After allergen exposure, the number of cells detected in the mouse lungs decreased. The presence of dendritic cells in the lungs suggests that these cells may be involved in the inhaled antigen uptake. Their decreasing number after allergen inhalation can be explained by the fact that the cells located in the lungs before the inhalation took up the allergen, left the lungs and migrated to lymph nodes or lymphoid organs, where they might induce a T cell dependent immune response. Recent studies showed that after Toluene Diisocyanate (TDI) inhalation in a guinea pig model, the number of dendritic cells increased in lungs approximately 24 hours after exposure to the hapten. A few hours later, the number of DCs decreased in the airways (Ban et al, 1997). In DC hu-SCID mice, dendritic cells were also located in lymphoid organs of the mice: the spleen and the thymus of the animals. The number of cells detected was higher in mice exposed to the house-dust mite aerosol. In our study, allergen-positive DCs from healthy donors were located, after inhalation, in the spleen and peripheral lymph nodes. In our experimental conditions, the potential reactivity against the components of CFA adjuvant was partially excluded by using a serum from rabbit immunized with a nonimmunogenic peptide of Der p 1 but in the presence of CFA. As in SCID mice reconstituted with DCs from healthy donors without inhalation, no allergen-positive DCs were detected in the lymphoid organs, these results suggest that nonallergen-loaded DCs can migrate from the peritoneal cavity to the lungs where, exposed to the allergen, they take it up and leave the lungs, heading toward the spleen and lymph nodes. Thus, these results suggest that GM-CSF and IL-4-driven DCs introduced by the peritoneal route into SCID mice can migrate to the lungs and acquire the same behavior as lung DCs.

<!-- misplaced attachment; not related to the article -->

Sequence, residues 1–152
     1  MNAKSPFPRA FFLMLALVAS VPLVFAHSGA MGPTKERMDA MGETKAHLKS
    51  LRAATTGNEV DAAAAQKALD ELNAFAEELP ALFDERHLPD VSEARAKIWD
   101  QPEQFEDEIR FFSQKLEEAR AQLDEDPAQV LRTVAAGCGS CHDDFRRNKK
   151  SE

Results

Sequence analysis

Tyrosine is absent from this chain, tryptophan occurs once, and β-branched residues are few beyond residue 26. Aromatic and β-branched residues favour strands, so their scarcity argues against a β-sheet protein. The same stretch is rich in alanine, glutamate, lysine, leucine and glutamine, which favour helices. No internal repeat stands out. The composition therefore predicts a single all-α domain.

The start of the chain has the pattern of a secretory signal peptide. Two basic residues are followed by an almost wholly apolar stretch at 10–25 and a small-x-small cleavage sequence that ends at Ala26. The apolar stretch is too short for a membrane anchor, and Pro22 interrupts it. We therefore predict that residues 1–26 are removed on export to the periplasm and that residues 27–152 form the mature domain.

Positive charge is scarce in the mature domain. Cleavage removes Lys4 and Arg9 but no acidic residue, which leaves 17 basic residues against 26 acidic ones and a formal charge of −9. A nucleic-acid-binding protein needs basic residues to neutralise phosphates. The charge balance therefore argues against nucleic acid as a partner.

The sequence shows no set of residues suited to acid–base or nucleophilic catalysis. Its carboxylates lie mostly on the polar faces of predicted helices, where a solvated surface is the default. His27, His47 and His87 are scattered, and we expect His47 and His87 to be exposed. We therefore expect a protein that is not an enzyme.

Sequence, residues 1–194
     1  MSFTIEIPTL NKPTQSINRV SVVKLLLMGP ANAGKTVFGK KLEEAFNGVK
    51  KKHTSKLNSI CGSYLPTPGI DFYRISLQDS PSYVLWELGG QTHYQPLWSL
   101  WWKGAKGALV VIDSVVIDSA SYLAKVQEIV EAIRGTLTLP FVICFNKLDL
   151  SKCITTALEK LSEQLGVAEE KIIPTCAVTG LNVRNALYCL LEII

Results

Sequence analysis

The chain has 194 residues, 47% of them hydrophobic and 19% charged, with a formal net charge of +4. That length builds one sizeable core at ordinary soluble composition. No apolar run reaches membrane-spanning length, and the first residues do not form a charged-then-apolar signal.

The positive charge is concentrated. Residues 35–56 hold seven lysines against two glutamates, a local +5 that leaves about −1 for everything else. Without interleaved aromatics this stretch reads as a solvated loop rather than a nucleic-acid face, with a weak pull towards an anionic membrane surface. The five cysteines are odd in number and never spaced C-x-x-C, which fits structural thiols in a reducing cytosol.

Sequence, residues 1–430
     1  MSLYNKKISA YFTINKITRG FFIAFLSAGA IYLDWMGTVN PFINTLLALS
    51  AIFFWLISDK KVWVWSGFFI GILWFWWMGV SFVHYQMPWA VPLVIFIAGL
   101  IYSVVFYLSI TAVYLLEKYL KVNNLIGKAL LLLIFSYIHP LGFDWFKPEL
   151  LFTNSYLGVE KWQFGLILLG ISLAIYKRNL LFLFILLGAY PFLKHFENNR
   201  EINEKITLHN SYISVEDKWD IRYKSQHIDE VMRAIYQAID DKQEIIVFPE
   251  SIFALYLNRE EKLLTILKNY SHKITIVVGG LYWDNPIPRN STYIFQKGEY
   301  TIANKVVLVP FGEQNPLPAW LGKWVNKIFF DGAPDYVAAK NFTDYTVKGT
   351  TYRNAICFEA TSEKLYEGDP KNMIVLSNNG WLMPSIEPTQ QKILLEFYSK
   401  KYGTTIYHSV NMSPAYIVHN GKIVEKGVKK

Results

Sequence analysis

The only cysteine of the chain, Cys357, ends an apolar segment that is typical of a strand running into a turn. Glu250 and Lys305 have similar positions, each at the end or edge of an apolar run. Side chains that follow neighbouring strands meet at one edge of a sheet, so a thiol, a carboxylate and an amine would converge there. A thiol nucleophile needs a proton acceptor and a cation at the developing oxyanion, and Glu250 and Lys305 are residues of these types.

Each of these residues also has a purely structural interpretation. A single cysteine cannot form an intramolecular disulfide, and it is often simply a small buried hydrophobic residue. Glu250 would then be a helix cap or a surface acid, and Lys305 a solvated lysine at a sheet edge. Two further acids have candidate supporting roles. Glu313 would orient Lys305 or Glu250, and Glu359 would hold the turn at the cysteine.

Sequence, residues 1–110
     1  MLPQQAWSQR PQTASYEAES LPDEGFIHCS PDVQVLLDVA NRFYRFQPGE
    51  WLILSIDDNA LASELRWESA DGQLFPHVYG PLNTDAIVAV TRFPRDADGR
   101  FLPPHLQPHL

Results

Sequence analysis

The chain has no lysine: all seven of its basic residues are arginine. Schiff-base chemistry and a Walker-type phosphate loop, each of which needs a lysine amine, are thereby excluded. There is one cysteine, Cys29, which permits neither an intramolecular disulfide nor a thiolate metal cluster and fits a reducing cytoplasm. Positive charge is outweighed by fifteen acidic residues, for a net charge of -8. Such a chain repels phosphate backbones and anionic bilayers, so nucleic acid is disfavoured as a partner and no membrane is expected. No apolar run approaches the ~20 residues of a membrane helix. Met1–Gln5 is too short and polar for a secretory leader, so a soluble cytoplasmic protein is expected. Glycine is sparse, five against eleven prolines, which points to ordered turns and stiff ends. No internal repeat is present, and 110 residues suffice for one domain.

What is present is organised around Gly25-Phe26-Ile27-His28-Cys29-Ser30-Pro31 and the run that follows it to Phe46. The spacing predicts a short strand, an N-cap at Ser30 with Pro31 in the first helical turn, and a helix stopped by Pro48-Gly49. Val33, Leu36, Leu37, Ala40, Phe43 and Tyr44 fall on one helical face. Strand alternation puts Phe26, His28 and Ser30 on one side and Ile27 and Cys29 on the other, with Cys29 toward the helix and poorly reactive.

In the spleen, dendritic cells may initiate the response of CD4+ and CD8+ T cells (Leenen et al, 1998). Moreover, DCs may contribute to the initiation of the production of IgE in the spleen, where germline epsilon immunoglobulin heavy chain transcripts are expressed by B cells (Goodman and Gerondakis, 1997). The reason why dendritic cells migrate from the peritoneal cavity to the lungs of SCID mice is still unclear. Dendritic cells are sentinels of the immune system, capable of circulating from one organ to the other. This migration could depend on the adhesion molecule network. Several studies have shown that dendritic cells express membrane adhesion molecules, such as β2 integrins CD11a/CD18 and CD11c/CD18 (McCarthy et al, 1997). Indeed, the migratory capacities of human dendritic cells in mice could depend on interactions between human β2 integrins and murine ICAM1 expressed by endothelial cells. The murine molecule called MALA-2 displays high homologies with the human intracellular adhesion molecule ICAM-1 (Horley et al, 1989). ICAM-1 is expressed by lung dendritic cells and seems to be involved in the co-stimulation of T cells leading to their proliferation (Masten et al, 1997). It has also been shown that dendritic cells were able to migrate from nonlymphoid organs, where they have been stimulated by antigens, to the spleen. This migration is dependent upon the CD11 adhesion molecule (McCarthy et al, 1997). In our experiments, DCs obtained from monocytes cultured with GM-CSF and IL-4 expressed significant levels of CD11c. It is known that CD11c is highly expressed by lung DCs (Nicod and el Habre, 1992). TNFα has been shown to be involved in DC migration by recruiting these cells in the airway epithelia in a model of respiratory infection (McWilliam et al, 1994). Because CD11c can be up-regulated after contact with Der p 1 (the major allergen of Dpt), certainly because of the allergen-induced TNFα production, this adhesion molecule might be involved in the migration of DCs in SCID mice from the lungs (where DCs were exposed to the allergen) the spleen or the lymph nodes (where allergen-positive DCs were detected).